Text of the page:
Alumni Spotlight – At 72, Robert W. McGee is just Getting Started

Welcome to the “Alumni Spotlight” series. Learn how our Union Institute & University (UI&U) graduates are living the UI&U mission of engagement, enlightenment, and empowerment.

Featured this month: Robert W. McGee

Education: (Ph.D. 1993, Ph.D. 1986)

Profession: Associate professor

At the age of 72, Dr. McGee continues to pursue two different pathways: his prolific writing career and his medal-winning martial arts career. He has written 59 nonfiction books, five novels (and counting) and more than 700 scholarly articles. His latest is “Justifiable Homicide: A Political Thriller” available on Amazon.

In addition, he is a world champion in taekwondo, karate, and kung-fu, and a world silver medalist in tai chi. What’s even more amazing is he didn’t begin taekwondo training until the age of 65! He has been inducted into the United States Martial Arts Hall of Fame.

Dr. McGee also teaches in the Broadwell College of Business and Economics at Fayetteville State University.

Robert W. McGee 2019 world championship awards

Robert W. McGee, age 72, with the six gold and one silver medal he won at the Taekwondo World Championship, July, 2019

His long list of academic achievements include 23 academic degrees, 13 earned doctorates including a law degree and CPA. He has lectured or worked in more than 30 countries. Former clients include United States Agency for International Development, World Bank, African Development Bank and the CIA. Several studies have ranked him No.1 in the world for both his accounting ethics and business ethics scholarship. The Social Science Research Network has ranked him as high as No. 2 in the world [All-Time] among accounting professors, No. 14 [All-Time] among business school professors, and No. 29 [All-Time] among all social scientists.

He credits much of his success to not wasting time, doing what he enjoys, relishing the creative process, and being competitive. Enjoy learning more about Dr. McGee as he reflects on his time at Union and expounds on his remarkable career in the Q & A below.

What has your degree meant to you personally and professionally?

I am an accounting professor, so my Ph.D. with triple concentrations in accounting, taxation and economic history was very important because I needed a Ph.D. in accounting to remain in my teaching position. For my second Union Ph.D., which I completed a few years later, my concentrations were in economics, law, and political philosophy. That degree was important because I gained knowledge that I used to write some of the 59 nonfiction books, five novels and 700+ articles I have published.

What quality do you admire most about your alma mater?

What I like best about the Union program is that they allowed me to do it my way. I already knew what I wanted to research, and the way the Ph.D. program is structured, I was able to do the research I wanted to do instead of being pressured to do research on some topic my thesis supervisor wanted me to do, which is the way things work at many other universities.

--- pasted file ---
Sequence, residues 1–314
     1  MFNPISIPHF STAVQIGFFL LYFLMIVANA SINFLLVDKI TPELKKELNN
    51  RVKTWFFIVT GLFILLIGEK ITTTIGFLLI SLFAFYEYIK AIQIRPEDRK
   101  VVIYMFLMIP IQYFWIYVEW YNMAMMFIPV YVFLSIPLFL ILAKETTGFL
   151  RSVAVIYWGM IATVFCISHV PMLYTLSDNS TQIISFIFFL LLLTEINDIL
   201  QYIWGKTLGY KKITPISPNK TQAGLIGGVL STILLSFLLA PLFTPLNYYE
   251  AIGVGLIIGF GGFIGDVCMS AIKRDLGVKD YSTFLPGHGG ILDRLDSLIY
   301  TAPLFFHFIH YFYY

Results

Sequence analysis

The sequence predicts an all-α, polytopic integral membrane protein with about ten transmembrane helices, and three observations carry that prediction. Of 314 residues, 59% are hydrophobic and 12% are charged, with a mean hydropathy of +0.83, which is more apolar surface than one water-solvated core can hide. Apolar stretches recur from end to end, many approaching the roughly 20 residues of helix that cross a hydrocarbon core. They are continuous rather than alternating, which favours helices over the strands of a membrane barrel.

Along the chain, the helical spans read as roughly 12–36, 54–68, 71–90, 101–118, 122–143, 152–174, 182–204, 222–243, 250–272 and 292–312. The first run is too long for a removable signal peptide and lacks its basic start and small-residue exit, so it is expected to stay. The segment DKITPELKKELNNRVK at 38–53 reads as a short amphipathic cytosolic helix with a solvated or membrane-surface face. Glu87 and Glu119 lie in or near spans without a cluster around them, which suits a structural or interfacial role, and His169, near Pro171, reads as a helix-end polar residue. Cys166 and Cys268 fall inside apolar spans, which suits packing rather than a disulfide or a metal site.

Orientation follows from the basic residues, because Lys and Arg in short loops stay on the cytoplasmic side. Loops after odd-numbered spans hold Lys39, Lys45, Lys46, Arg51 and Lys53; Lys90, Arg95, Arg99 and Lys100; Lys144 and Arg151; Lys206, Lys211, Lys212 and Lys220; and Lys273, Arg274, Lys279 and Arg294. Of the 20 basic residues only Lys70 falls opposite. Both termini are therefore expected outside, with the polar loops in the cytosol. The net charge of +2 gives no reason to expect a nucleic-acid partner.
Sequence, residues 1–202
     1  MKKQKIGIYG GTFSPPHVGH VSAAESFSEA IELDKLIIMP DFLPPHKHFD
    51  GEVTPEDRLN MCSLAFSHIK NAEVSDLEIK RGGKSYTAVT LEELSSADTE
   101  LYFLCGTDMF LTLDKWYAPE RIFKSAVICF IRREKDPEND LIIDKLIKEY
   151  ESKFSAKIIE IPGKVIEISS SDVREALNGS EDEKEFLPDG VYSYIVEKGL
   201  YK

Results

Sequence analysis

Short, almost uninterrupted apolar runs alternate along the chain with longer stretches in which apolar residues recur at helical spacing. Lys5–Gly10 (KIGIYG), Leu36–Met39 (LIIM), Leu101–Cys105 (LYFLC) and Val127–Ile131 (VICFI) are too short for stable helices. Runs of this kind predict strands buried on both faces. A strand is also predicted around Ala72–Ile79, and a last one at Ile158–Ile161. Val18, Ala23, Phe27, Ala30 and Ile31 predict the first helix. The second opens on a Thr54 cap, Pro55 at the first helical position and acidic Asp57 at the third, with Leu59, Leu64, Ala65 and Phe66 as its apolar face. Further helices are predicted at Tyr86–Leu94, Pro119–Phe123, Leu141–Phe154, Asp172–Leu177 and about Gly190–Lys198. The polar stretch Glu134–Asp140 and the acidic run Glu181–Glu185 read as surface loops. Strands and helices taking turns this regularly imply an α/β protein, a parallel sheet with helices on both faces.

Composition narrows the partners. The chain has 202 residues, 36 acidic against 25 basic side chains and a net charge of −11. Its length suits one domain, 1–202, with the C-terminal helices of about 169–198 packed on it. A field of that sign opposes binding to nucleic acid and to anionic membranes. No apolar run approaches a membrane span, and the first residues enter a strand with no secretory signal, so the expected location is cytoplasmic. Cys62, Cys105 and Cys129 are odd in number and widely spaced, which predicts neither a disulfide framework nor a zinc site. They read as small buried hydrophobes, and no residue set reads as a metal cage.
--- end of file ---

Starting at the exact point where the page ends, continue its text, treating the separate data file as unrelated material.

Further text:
Robert W. McGee awrds from All-Style World Tournament in Dublin, Ireland

Robert W. McGee at the All-Style World Championship Tournament in Dublin Ireland in 2017. He won three gold, two silver and one bronze medal at this world championship. The three gold medals were in taekwondo, kung-fu and karate. One of the silver medals was in tai chi. The other two medals were in mixed martial arts.

 If you could give advice to a Union student, what would it be?

I would advise a Union student to plan ahead as much as possible before starting the program because doing so will shorten the length and cost of the program. Don’t be afraid to approach the best people in the field for guidance. I approached Milton Friedman, George Stigler and James Buchanan, all Nobel Prize winners in economics, and they all agreed to give me advice. Isaac Bashevis Singer, a Nobel Prize winner in literature, also guided me through my Union Ph.D. program shortly before his death. If you don’t ask, you don’t get. 

What would you say has been your greatest accomplishment?

It’s difficult to say what my greatest accomplishment is. Some people are impressed by the fact that I have earned 23 academic degrees, including 13 doctorates from universities in the United States and four European countries, all in my spare time, with the exception of my first bachelor’s degree, which I earned full-time while working one or two jobs. Other people are impressed that I was able to publish so many books and articles.

Because I was in the right place at the right time, I was placed in charge of assisting the Finance Ministries of Armenia and Bosnia convert their countries to International Financial Reporting Standards. I drafted the accounting law for Armenia and Bosnia and reviewed the accounting law for Mozambique. I also helped all the major universities in Armenia and Bosnia upgrade the accounting curriculum to meet international standards.

One of my favorite hobbies is competing in martial arts tournaments. I am a world champion in taekwondo, karate, and kung-fu, and a world silver medalist in tai chi. As of this interview, I have 11 world titles to my credit, and I continue to compete at the age of 72. My career gold medal count now stands at 289. I hope to break 300 in the next few months.

What is your passion away from work?

I like competing in martial arts tournaments and practicing tai chi and qigong. I also enjoy writing novels. I have plots for more than 50 novels, but I probably won’t have time to turn many of them into novels due to time constraints.

 

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